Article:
A Bloom filter is a data structure for probabilistic set-membership. When adding an item to the set, $k$ bits (whose indices are determined by $k$ different hash functions) are set to 1. To check if an item is a member of the set, those $k$ bits are checked to be equal to 1. Deletions are no supported and there is a probability of false positives.

Bloom filters are usually used make digests of big sets. In our case they are used to represent a set of items a certain user are interested in. Our clustering algorithm uses the similarity between the sets of two users (Cosine Similarity usually). However for the cryptographic version, we use the similarity between the corresponding Bloom filters of the sets instead.

What I am seeking as whether there is any references regarding the conditional probability that the similarity between two Bloom filters will tell us something about the similarity between the corresponding sets, and to which degree Bloom filters preserve the order relation on Cosine Similarity (or other similarity measures).

I have been doing some work on that, and it gets pretty deep, lots of combinatorics and multi-set coefficients. I've posted a related question here. I tried to search for papers studying these properties as well and I did not manage to find something of much use.

  • $\begingroup$ I wish to give the bounty on the most relavent post to correctness probability of similarity computation based on Bloom filters in particular... $\endgroup$ Jan 24 '11 at 11:14
  • $\begingroup$ What do you mean for the cryptographic verion? you encrypt data, then you extract some features on them (you use a fixed size chunk based extraction) you add them in a bloom filter and then you suppose that 2 similar unencrypted data will look similar after apply on them the same similarity detection algorithm used at the unencrypted version which in that case is sth like lookups in a BF? $\endgroup$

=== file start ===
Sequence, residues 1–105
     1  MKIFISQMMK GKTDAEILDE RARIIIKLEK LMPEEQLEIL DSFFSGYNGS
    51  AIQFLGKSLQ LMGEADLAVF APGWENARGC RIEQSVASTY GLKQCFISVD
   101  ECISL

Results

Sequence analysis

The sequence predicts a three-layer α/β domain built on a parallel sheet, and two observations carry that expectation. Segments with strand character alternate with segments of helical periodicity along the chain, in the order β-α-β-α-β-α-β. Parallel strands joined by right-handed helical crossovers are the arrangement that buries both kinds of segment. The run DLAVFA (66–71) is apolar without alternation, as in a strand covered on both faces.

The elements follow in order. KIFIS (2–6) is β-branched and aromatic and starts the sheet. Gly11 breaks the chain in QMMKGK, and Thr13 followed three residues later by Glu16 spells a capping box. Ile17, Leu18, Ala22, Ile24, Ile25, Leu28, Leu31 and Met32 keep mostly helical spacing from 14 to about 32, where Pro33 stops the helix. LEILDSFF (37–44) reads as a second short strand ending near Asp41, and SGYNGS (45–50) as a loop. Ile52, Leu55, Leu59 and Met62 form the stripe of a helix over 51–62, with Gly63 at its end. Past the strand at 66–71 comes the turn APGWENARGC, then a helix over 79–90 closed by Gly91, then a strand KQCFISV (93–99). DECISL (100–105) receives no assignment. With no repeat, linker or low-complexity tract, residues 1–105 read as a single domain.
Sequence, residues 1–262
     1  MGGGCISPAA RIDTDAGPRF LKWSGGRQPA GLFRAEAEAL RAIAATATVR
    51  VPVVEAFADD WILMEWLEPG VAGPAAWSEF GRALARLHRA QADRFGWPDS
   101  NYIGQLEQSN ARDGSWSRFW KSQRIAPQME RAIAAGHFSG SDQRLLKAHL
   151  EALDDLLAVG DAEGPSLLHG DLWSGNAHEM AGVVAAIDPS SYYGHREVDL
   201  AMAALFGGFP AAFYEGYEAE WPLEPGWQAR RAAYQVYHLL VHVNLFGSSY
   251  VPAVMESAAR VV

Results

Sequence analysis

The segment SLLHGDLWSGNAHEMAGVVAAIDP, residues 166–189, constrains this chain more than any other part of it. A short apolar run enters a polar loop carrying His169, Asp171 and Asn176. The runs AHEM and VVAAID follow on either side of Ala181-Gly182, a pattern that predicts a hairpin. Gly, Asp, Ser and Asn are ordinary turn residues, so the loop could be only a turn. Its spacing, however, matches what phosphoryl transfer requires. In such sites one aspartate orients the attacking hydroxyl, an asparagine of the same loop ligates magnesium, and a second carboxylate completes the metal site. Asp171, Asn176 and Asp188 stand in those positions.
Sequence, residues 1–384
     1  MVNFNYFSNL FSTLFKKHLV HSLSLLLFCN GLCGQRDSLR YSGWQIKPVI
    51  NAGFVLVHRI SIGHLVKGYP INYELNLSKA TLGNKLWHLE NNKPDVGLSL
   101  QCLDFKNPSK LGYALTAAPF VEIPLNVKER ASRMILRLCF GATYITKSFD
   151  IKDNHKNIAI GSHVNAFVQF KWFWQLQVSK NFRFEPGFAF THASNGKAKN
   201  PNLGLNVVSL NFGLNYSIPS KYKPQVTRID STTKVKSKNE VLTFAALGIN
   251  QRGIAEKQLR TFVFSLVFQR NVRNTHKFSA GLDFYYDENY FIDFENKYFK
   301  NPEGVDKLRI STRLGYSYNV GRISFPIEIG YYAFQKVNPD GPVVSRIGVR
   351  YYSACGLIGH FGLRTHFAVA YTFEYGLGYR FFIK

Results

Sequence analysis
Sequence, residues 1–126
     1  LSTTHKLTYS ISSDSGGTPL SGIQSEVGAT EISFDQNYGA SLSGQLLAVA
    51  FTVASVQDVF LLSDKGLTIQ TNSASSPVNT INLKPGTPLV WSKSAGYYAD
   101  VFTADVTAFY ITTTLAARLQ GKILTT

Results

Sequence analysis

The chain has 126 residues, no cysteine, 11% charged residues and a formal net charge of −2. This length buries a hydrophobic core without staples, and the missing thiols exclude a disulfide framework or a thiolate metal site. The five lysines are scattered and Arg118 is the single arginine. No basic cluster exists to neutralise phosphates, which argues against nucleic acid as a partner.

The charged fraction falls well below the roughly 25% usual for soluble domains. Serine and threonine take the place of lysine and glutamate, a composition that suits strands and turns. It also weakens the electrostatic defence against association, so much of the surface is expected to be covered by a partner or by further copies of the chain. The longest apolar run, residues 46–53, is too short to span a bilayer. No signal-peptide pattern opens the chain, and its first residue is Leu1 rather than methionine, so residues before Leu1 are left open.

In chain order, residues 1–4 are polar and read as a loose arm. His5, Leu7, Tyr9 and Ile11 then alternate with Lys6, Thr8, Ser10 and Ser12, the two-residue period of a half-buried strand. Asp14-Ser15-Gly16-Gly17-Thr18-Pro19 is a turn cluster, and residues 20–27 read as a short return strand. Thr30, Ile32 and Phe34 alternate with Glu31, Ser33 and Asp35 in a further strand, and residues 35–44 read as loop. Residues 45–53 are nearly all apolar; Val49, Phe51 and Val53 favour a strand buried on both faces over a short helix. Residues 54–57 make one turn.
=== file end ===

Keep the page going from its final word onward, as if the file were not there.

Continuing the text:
– curious
    Jan 18 '13 at 15:11
  • $\begingroup$ Or do you use a cryptographic hash function to decide which bits are to be turned on. They are not easy to analyse for your purposes. $\endgroup$
    – kodlu
    Jan 29 '15 at 6:16

This is not a direct answer to your question, but it's related. The probability you want is precisely what is provided by min-wise hashing schemes. In particular, a min-wise hash takes a set and produces a single element, with the property that the probability of the two elements being identical is precisely the Jaccard similarity between the sets (intersection/union).

  • $\begingroup$ I've managed to create a similar scheme for (squared) cosine similarity. However I am concerned about the value of P (how many hash functions do we need), how large does it need to be to get an acceptable error rate. Do you have any references about such study for the Jaccard Similarity mentioned in the slides (or any other min-wise hashing scheme) ? Many thanks really =) $\endgroup$ Jan 24 '11 at 19:00
  • $\begingroup$ yes, you can get fairly precise error bounds on the number of hash functions needed. I don't know the LATEST results, but you might as well start with this paper and look at the references cited: research.microsoft.com/pubs/120078/wfc0398-liPS.pdf $\endgroup$ Jan 25 '11 at 0:44

Maybe i am out of topic concerning the bloom filters but If you want to preserve order on encrypted data then there is a research work on that which yet is impractical. There are only theoritical constructions on that: order preserving encryption


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